Welcome to Library Research Service

We conduct research about libraries, provide statistics and analyses to library stakeholders, and work with our colleagues in the Colorado library community and beyond to use data more effectively and persuasively.
Library Jobline posts a record 815 jobs in 2018
Library Jobline, LRS’s website for library job postings and resources, broke its own record again for the number of jobs posted in 2018 while the number of job seekers and job posters continued to rise. Data collected from the Library Jobline website are highlighted in the most recent Fast Facts report. In 2018 employers posted 815 jobs to Library Jobline, 114 more total jobs than were posted in 2017. January and April tied for Jobline’s busiest months, with 83 new jobs posted in each. Like in previous years, nearly two-thirds (64%) of the jobs posted were located in Colorado. The number of...

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OSU study estimates that children who are read to every day hear 1.4 million more words by age 5
By on July 3, 2019 in Public / School / The LRS Number
A study recently published by Ohio State University researchers in the Journal of Developmental and Behavioral Pediatrics found that young children whose parents frequently read to them could enter kindergarten having heard an estimated 1.4 million more words than children who were rarely or never read to. The researchers propose that more book reading sessions with young children is one way to address the 30 million word gap. The researchers worked with the Columbus Metropolitan Library to identify the 100 most circulated books for babies and young children, which the researchers used to determine an average of how many words were...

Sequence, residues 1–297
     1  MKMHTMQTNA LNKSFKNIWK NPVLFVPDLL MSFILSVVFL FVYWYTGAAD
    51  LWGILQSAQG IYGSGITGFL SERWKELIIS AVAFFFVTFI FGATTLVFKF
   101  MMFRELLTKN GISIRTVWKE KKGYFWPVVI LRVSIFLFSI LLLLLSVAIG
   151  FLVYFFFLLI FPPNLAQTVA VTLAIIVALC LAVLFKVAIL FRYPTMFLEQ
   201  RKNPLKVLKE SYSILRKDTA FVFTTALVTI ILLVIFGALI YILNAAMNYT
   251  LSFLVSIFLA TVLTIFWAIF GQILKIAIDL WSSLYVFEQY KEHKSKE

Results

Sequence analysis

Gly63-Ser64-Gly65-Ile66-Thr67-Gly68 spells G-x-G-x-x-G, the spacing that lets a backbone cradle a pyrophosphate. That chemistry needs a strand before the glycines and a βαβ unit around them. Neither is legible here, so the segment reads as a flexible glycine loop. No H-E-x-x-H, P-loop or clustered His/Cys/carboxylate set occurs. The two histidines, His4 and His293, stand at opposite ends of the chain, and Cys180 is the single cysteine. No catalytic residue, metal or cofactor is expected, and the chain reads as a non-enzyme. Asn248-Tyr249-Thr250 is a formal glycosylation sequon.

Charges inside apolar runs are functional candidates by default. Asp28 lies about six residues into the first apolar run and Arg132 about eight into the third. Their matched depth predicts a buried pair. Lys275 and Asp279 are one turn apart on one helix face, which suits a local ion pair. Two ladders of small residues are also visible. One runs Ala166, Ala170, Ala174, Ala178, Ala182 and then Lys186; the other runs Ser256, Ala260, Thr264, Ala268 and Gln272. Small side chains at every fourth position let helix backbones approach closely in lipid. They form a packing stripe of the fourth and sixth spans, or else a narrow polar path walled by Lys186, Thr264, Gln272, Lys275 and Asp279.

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What questions do states add to the national Public Libraries Survey?
By on June 19, 2019 in Public
The annual Institute of Museum and Library Services Public Libraries Survey (PLS) contains 102 questions that all US public libraries complete. However, most states ask additional questions as well. The topics of these questions have been of great interest to public library data stakeholders for a variety of reasons, including that they may be the first indicators of new trends. As part of the Measures that Matter initiative, Ithaka S+R conducted an analysis of state-added questions. The researchers found that states added an average of 180 questions to the PLS, with the most common topics including operating expenditures, human resources, services,...

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99% of Colorado Talking Book Library patron survey respondents rated the overall quality of library service as excellent or good
By on June 13, 2019 in The LRS Number
Patrons of the Colorado Talking Book Library continue to report being pleased with the quality of the library’s services. On the 2018 biennial patron survey, 99% of respondents reported that the overall quality of service was good or excellent. And, 95% or more respondents reported that the following areas of service were good or excellent:  courtesy of staff, speed of delivery, condition of materials, ease of contacting the library, and the playback machine loaned by the library. The survey also asked patrons how the service has been valuable to them. The most common response was to “read for enjoyment: fiction,” which...